Before they can do this, we practice summarizing in class, because many of them think that summarizing means copying directly from their books. After the summary, I ask that they reflect on their reading. Of course we also must practice this, and I use the five strategies for active reading defined in our literature text: predicting, connecting, questioning, clarifying, and evaluating.
To provide a scaffold or a structure for their reflections, I provide sentence starters for the type of reflection I would like to see in their journals. Some of these include “I think that ___________ is going to happen because …”; “This character reminds me of myself because … “; “I wonder what _______________ meant when he said______________. Maybe he thought ____________.”
Students are expected to write in their journals every day while they read or immediately afterward. Journal writing should take them no more than 10 or 15 minutes.
Every Friday, the students bring their novels and completed journals to class. They read silently all period. Of course, few students in class are able to sustain their reading more than 10 minutes when we first start the program, so we discuss avoidance behaviors, such as falling asleep, needing to go to the bathroom or to get a drink of water, making noise, writing notes, daydreaming, and so forth.
Part IV: Motivation
We also compare reading with athletics, how when training to run a mile for the first time, we often want to stop; we get pains in our sides or are too out of breath to continue. If we give up, we never get into shape. We know that to get into shape, we should not stop, but should slow down, walk for a while and then continue running. If we do this every day, we will get a little better. We discuss how developing physically is just like developing habits of the mind. They both take practice and self-discipline.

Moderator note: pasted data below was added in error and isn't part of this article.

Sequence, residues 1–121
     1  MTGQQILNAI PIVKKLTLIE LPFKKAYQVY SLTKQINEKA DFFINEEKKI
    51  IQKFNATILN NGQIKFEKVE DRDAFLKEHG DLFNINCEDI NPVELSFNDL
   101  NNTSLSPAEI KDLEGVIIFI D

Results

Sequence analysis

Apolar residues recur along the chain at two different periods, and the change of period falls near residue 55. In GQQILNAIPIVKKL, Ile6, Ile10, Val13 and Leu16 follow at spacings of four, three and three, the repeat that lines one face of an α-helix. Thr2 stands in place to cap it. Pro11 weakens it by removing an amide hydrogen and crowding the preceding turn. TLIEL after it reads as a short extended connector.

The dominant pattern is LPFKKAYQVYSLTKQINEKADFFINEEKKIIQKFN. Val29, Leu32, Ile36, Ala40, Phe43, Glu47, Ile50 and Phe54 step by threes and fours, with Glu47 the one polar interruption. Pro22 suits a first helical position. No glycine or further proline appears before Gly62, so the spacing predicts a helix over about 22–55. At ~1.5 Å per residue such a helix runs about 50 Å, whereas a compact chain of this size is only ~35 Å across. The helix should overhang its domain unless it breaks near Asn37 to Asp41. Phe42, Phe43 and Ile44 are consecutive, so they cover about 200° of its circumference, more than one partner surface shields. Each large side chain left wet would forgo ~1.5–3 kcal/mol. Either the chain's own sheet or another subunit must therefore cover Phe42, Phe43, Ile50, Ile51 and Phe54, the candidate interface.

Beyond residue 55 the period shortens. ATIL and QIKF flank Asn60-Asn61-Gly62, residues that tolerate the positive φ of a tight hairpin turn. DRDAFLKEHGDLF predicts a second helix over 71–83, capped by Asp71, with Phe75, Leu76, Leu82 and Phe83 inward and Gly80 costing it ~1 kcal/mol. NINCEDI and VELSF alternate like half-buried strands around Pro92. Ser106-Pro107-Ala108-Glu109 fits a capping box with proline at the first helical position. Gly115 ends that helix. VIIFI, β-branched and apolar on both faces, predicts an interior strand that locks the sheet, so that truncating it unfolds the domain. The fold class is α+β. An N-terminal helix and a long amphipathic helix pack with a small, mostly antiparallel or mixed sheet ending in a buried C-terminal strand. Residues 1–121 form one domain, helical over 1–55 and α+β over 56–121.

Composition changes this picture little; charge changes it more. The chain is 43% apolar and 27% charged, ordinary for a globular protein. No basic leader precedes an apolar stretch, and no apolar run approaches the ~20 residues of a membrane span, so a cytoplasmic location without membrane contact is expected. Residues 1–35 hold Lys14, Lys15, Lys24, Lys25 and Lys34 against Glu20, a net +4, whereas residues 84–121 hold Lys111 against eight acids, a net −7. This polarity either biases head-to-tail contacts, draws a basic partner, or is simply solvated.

I tell them that if they find themselves engaging in avoidance behaviors, to recognize them for that they are, look away from the book for a few minutes, and then continue reading. It’s the best way to get their flabby brains in shape and to improve their reading.
To motivate them even more, I share their previous year’s standardized test scores in reading and language and discuss with them what the scores mean. Most are discouraged, but I promise them a marked improvement if they will follow the program for just this school year. Those who do the program for the entire year have always shown great improvement.
While the students read silently on Fridays, I read and grade their journals. I usually have time to conference with them about their books and journal entries. In addition, I can spend time with the most reluctant readers, discussing their interests and their past histories with reading, and recommending books they might enjoy.
At the beginning of the year, I ask the students to estimate how many books they think they can read during the school year if they read 30 minutes every night. Their estimates range between one and ten. By the end of the first semester they have all surpassed their estimates, reading between 15 and 36 books by June. This reading program is merely a supplement to the regular curriculum. We still read stories from our anthology and novels on the recommended core, as well as Romeo and Juliet. The students are still responsible for other homework in my class, mostly writing, comprehension, and research assignments.
The types of literature from which my students can select is important to their success. I make a concerted effort to buy as many novels and biographies by and about Latinos as I can find. These, for my students, are not more “boring stuff”. If I can hook reluctant readers with these books and they can read enough to become fluent readers, then they usually expand their selections beyond books that reflect their own lives.
Part V: Seeing themselves in literature
Most of my students have seldom encountered Latinos with lives similar to theirs in the literature that they read at school. Latino students are not invisible in school; they should not be invisible in the literature to which we expose them. When students find themselves and their lives reflected in the books they are reading, their own lives become validated When given the power of choice over their reading selections, along with rich literature that reflects their own experiences, and support in achieving success, these students continue to surpass everyone’s expectations of them.